WASHINGTON (AP) — The Latest on the U.S.-Iran nuclear deal (all times local):

7:45 a.m.

The German government says the nuclear deal with Iran is an “important instrument” to prevent the country from acquiring atomic weapons and that Berlin will continue to support full implementation.

Government spokesman Steffen Seibert told reporters in Berlin on Friday that “we consider this deal to be an important instrument to prevent Iran’s nuclear armament. That’s why we will continue to work for its full implementation.”

German Foreign Minister Sigmar Gabriel has reached out to U.S. Secretary of State Rex Tillerson repeatedly in recent weeks, including late Thursday, to discuss the Iran deal.

A spokeswoman for Gabriel said German, French and British diplomats have also been meeting with U.S. lawmakers from both parties in Washington to press the European view of the deal’s importance.

___

7:20 a.m.

The Iranian parliament speaker says any U.S. move against a nuclear deal with Iran be an insult to the United Nations.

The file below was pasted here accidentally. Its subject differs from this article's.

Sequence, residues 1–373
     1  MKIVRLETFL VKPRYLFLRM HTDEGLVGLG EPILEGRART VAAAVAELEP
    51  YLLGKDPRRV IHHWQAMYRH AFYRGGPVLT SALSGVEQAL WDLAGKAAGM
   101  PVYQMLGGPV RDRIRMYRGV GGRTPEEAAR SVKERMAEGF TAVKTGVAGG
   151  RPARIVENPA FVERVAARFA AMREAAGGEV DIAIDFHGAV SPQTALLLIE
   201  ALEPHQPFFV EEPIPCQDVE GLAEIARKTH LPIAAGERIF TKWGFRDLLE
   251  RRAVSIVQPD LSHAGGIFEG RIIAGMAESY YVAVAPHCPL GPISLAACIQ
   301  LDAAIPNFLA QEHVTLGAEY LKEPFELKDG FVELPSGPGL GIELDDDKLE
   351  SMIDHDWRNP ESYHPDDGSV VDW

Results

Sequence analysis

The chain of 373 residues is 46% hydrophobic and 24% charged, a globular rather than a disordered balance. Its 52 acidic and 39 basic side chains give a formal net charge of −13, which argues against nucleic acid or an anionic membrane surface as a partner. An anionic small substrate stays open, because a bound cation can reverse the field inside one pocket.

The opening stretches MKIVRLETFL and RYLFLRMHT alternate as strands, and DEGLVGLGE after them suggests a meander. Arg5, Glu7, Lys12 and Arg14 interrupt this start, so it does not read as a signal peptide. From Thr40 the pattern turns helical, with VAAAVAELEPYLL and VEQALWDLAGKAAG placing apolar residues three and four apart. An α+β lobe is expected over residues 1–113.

Ali Larijani (lehr-uh-ZHAH’-nee) spoke on a visit to Russia hours before President Donald Trump was expected to deliver a speech harshly criticizing the 2015 accord.

The agreement offered Iran relief from crippling economic sanctions in exchange for strict limits on its nuclear program. It was painstakingly negotiated by then-President Barack Obama’s administration and also involved a coalition of world powers including the Britain, France, Germany, Russia and China.

Larijani said the accord has received a U.N. blessing, so any move to spike it would be “an insult to the U.N.” He added that any revision of the deal would allow Iran to take its own action.

___

5 a.m.

President Donald Trump will say Friday the Iran nuclear deal is no longer in U.S. national security interests, but he won’t withdraw from the landmark deal.

The Iran deal was negotiated over 18 months by the Obama administration. Under U.S. law, Trump faces a Sunday deadline to notify Congress whether Iran is complying with the accord.

In a speech from the White House, Trump is expected to outline faults he finds in the pact and will also focus on an array of Iran’s troubling non-nuclear activities. Those include Tehran’s ballistic missile program and support for Syrian President Bashar Assad, as well as Lebanon’s Hezbollah movement.

Trump is expected to say these actions violate the spirit of the regional stability.

This post was originally written here.  We do not claim ownership or liability of the content of this post, or the views expressed therein.